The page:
added 7/11/2011 by Bob Hulsey
As we enter the All-Star Break, the Astros resemble the motorist that just realized he's running out of gas, it's 98 degrees outside and the next gas station is ten miles ahead. In other words, they're running on fumes and it's about to get sticky.
It seems like the entire organization is paralyzed waiting for the sale to Jim Crane's group to go through although that may not happen now until mid-August, long after the July 31st trade deadline which represents the last real chance to change the ballclub for this year.
One of our forum posters put it this way:
"What makes this year seem more frustrating than I expected is that the team seems rudder-less. McLane has lost interest and is on his way out, but still owns the team while MLB takes its sweet time approving an ownership change. You get the feeling that the Astros are in some kind of twilight zone where nobody is in charge because of the murky ownership situation. The Astros' winning percentage just fell off a cliff after Crane and Drayton agreed to the sale. Yeah, that maybe (even probably) is a coincidence. But it makes me wonder if the murky "who's really in charge?" concern has seeped down to the players' level."
Since the sale announcement on May 16th, the Astros own a 13-34 record, not only the worst in the majors but, if projected to a 162-game season, would result in a 45-117 record or a winning percentage of .276. To put that into historical context, the expansion 1962 New York Mets, long regarded as the benchmark for baseball incompetence in the modern era, were only five games worse at 40-120 (.250). In other words, the Astros would need a winning streak just to be in Epic Fail territory.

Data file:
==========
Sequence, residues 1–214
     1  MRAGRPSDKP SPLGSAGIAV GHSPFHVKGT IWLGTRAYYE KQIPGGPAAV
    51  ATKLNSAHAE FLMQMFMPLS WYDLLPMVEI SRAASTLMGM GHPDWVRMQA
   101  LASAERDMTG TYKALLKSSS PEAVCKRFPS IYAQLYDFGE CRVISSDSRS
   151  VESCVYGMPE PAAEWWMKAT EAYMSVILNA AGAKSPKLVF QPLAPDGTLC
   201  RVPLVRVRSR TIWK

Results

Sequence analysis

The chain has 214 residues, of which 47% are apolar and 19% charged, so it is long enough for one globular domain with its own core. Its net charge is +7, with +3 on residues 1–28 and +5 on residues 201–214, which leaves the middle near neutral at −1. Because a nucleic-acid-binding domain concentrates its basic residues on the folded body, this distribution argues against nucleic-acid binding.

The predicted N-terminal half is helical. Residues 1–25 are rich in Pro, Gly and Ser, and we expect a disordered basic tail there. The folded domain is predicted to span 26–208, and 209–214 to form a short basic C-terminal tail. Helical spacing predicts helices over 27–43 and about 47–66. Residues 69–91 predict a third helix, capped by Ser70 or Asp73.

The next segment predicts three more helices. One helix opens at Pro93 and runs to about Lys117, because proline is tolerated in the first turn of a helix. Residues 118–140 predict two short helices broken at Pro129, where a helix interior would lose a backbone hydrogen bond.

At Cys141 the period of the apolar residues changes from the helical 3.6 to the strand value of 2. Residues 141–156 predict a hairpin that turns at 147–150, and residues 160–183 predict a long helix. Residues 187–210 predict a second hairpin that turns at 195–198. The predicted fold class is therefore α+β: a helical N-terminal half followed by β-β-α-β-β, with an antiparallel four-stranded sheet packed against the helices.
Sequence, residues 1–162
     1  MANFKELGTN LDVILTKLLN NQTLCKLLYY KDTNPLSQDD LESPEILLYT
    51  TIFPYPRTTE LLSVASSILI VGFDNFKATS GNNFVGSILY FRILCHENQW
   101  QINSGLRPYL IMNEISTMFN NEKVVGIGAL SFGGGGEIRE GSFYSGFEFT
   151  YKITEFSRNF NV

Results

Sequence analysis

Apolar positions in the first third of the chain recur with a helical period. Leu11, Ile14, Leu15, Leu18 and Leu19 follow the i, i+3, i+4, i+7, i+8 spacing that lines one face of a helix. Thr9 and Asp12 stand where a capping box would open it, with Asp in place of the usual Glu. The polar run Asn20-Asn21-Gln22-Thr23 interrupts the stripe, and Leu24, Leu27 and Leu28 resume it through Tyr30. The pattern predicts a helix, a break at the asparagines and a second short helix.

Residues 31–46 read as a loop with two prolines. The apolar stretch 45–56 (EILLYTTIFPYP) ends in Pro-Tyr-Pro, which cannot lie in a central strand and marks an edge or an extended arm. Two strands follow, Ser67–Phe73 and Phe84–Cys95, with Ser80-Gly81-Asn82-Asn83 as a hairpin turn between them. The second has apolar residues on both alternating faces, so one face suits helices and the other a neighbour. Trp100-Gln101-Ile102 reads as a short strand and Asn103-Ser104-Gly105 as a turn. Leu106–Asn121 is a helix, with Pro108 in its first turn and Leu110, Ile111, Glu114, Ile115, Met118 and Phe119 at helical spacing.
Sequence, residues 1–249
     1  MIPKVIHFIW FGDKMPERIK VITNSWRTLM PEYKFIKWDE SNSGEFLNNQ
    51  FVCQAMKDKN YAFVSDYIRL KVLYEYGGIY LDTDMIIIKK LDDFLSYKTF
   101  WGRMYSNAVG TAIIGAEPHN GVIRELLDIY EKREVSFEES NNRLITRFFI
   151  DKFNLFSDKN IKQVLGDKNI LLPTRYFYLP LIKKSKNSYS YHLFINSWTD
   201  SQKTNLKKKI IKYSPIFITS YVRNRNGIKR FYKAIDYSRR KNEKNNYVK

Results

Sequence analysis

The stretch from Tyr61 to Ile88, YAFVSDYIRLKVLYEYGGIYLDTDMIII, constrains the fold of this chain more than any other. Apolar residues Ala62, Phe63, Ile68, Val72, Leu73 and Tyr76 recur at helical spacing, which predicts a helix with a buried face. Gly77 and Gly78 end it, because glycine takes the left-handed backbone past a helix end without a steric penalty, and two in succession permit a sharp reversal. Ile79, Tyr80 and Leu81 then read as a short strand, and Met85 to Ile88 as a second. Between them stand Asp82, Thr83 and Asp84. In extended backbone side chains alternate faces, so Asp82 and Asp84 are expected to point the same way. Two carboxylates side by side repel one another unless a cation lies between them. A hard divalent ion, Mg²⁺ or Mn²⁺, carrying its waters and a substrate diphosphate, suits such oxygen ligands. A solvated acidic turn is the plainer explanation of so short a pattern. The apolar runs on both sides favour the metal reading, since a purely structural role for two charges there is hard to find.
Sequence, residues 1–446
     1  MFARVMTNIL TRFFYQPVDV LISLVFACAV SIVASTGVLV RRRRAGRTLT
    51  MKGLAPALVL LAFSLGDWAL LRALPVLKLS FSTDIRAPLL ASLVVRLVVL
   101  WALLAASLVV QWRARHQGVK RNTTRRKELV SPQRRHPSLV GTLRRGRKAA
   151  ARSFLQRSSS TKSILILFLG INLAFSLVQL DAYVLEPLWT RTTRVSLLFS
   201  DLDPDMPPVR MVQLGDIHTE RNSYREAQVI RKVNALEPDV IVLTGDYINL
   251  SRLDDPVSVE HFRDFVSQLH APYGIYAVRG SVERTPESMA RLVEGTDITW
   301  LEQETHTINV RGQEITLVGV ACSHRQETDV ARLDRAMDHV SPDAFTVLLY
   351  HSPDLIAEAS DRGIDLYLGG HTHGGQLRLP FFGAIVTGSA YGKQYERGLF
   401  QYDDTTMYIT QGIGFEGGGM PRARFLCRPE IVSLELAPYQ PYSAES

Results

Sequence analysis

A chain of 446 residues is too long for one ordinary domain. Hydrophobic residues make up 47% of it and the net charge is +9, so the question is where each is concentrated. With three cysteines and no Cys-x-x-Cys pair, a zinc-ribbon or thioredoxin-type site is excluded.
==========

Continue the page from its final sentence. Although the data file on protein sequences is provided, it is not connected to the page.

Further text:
Other than dumping Bill Hall and Nelson Figueroa, what have the Astros done about this? Nothing, really. They brought up Jordan Lyles who has pitched better than Brett Myers and J.A. Happ, for whatever that's worth. They're rolling the dice with David Carpenter.
A few weeks ago, I was in favor of holding onto the Astros' four most tradeable commodities - Brett Myers, Wandy Rodriguez, Hunter Pence and Michael Bourn - unless a great deal came to us. But it is becoming obvious that the Astros need a major shakeup and the sooner, the better.
The first thing to do is clear out the dead wood. Release Jason Michaels. There's no justification for keeping him on the roster. None. He's 35 years old and batting .208.
Trade Jeff Keppinger? Sure. He's hitting over .300 since returning from foot surgery. Surely there are teams interested in bench help that would give up a pitching prospect for him. We can give his playing time to Matt Downs or Angel Sanchez without missing much.
Those moves won't create much of a ripple but the next one will. It's time to release 35-year-old Carlos Lee. The Astros will never move forward until they drop El Caballo from the team. He hasn't been a bad fielder this year and his offense has crept back into respectability but that knack of hitting pop ups and double play grounders whenever a big hit is needed is going to haunt Houston until he's gone for good. I realize that means the Astros will eat $27 million in salary but it's what this team needs most. If the Astros aren't willing to eat the cost, at least sit him down for awhile.